I noticed a Times article last week about my Alma Mater, Langley Secondary School, having found a cache of old yearbooks that they are offering to former grads.
I’m not sure why they would have leftovers — maybe they over-ordered or the students never picked them up.
I recall that the yearbooks were a big deal, especially the grad year book.
We all knew that the grad section was separate from the rest of book and we had the opportunity to add in a few comments that would live with us forever.
The day before the photo, the girls would get their hair done, some coiffured in those amazing ’60s hair dos. They would wear their finest dress, fancy blouse and maybe add a tasteful necklace and matching earrings.
The boys were all clean-shaven with Marine style haircuts.
To look at their photos, you might think there was one black suit and white shirt and black tie hanging in the studio and each boy took a turn donning it for the photo. We all look the same.
Five years later, when my brother graduated, he wore a powder blue tux with a ruffled shirt, platform soles and a mullet down to his shoulders. A great look to share with his grandkids.
A comment from many of the girls may tell us they wanted to be a future nurse, a future teacher or a future secretary.
There were no aspirations for women to be politicians, CEOs, RCMP members or professional athletes in the ’60s.
Most of the boys’ comments are about cars and girls, going on to higher education, with a lot of them talking about ‘making big money’ or becoming an ‘international playboy.’ It seems 18-year-old boys have not fully matured yet.
Mine simply says, ‘My future plans are indefinite,’ but getting a three-piece set of luggage as a grad present pretty much indicated I was leaving home.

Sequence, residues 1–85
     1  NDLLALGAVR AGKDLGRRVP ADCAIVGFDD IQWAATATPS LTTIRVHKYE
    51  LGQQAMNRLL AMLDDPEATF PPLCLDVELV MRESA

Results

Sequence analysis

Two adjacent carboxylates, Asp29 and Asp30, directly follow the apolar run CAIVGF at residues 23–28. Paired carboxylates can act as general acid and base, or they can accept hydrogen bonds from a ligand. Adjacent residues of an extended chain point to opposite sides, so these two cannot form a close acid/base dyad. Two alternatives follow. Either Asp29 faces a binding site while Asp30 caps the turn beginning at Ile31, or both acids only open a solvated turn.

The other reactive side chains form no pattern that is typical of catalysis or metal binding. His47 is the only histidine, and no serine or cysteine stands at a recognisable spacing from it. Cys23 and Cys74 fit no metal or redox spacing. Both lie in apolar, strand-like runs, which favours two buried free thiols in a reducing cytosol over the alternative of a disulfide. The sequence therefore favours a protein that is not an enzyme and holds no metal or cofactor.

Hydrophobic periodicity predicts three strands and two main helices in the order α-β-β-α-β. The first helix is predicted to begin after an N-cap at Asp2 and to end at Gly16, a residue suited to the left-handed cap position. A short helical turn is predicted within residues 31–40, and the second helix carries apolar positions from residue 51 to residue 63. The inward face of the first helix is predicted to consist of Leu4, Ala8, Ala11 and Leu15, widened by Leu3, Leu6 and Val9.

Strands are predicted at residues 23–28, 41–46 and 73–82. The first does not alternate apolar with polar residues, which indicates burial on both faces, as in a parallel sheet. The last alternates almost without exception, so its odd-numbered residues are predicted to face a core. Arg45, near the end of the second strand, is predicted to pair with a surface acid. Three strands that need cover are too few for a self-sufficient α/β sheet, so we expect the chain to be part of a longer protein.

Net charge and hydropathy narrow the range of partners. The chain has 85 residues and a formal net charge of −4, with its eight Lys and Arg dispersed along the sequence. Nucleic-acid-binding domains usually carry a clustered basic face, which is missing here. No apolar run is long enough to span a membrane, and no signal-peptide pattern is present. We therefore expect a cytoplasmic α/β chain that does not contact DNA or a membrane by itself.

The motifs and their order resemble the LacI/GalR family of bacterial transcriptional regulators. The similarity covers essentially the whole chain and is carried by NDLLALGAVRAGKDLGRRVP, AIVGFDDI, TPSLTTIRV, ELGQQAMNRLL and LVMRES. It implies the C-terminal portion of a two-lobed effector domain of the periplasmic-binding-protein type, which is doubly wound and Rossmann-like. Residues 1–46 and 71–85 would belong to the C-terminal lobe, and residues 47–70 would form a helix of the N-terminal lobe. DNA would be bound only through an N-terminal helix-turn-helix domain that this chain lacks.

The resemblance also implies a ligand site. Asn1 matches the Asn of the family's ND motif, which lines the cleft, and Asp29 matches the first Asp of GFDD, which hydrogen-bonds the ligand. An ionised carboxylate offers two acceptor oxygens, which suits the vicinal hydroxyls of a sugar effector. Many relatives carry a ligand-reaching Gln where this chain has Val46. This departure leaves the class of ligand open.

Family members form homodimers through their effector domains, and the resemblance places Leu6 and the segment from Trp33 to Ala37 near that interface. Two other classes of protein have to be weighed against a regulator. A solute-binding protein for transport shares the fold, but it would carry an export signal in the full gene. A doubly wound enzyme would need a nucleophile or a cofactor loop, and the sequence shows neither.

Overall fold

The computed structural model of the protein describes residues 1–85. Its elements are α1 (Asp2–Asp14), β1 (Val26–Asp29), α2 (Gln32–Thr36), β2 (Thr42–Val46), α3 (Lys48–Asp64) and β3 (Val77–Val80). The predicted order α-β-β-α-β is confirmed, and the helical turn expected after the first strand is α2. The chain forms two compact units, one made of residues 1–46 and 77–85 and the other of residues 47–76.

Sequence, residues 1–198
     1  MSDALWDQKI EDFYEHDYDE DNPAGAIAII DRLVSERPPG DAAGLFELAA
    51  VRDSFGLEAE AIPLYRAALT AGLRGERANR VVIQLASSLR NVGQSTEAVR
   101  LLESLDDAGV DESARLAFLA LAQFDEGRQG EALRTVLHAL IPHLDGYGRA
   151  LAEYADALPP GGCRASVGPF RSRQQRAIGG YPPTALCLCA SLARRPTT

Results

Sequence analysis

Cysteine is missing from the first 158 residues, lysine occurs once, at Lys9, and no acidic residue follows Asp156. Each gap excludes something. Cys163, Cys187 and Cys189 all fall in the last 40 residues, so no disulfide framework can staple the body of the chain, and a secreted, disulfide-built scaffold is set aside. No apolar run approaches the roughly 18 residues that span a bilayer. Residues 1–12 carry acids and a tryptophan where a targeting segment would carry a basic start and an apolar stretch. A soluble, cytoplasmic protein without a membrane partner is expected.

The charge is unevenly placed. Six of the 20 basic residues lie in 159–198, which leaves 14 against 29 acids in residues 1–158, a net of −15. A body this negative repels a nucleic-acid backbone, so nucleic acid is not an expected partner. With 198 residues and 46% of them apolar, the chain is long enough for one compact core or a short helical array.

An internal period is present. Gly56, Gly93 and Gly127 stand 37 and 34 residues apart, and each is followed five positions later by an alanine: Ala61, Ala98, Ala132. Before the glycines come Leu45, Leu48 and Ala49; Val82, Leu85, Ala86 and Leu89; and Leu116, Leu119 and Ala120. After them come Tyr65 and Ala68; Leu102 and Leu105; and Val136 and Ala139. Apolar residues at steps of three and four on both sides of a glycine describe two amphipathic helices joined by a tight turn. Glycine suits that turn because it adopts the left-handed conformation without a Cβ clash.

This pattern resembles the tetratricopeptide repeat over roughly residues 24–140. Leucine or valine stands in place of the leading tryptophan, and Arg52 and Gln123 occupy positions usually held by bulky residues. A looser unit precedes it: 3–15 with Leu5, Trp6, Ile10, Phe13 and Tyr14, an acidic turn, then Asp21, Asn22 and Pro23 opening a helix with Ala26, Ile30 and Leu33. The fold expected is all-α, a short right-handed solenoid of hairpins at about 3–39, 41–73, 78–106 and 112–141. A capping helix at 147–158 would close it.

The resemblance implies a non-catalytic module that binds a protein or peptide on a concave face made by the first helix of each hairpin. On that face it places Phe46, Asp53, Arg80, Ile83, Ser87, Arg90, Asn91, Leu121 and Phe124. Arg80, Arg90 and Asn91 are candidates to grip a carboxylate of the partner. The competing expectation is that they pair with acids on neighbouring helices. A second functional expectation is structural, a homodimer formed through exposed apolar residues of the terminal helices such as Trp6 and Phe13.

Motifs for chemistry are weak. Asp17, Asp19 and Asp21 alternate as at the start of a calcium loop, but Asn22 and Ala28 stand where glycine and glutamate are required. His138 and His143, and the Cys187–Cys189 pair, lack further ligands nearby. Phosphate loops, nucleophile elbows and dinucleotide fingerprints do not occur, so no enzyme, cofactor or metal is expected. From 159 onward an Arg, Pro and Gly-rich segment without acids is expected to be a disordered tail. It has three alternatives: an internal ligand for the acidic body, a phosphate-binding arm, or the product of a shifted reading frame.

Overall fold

I initially had planned to go to BCIT and become a disc jockey, get into radio or TV.
I didn’t have enough math credits and was planning on going back to Grade 13 in the fall. But over the summer, I got a job, a car, a girl and life got in the way.
Kids graduating now should understand how important that yearbook will become as they get older. Often we will meet someone on the street or in the mall and greet each other — “Hey, guy. How are you doing?”
As we shake hands the other person says, “Good, guy. How have you been?” After a chat about jobs and families, we go our way trying desperately to remember who the heck that was.
As soon as we get home, we go to the book shelf, dust off the good old yearbook and sure enough, there they are and now we remember who we were talking to.
Sure, they haven’t aged as well as you have and that’s probably why you couldn’t remember their name.
Recently, I looked up a former classmate who had passed away. I smiled as I recalled a memory or two and I hoped that he at least achieved those three yearbook wishes in his grad profile, if nothing else.
This June will be 50 years since our class graduated and many of us are still around town.
If I run in to any of you, I hope I remember your name.
At least that’s what McGregor says.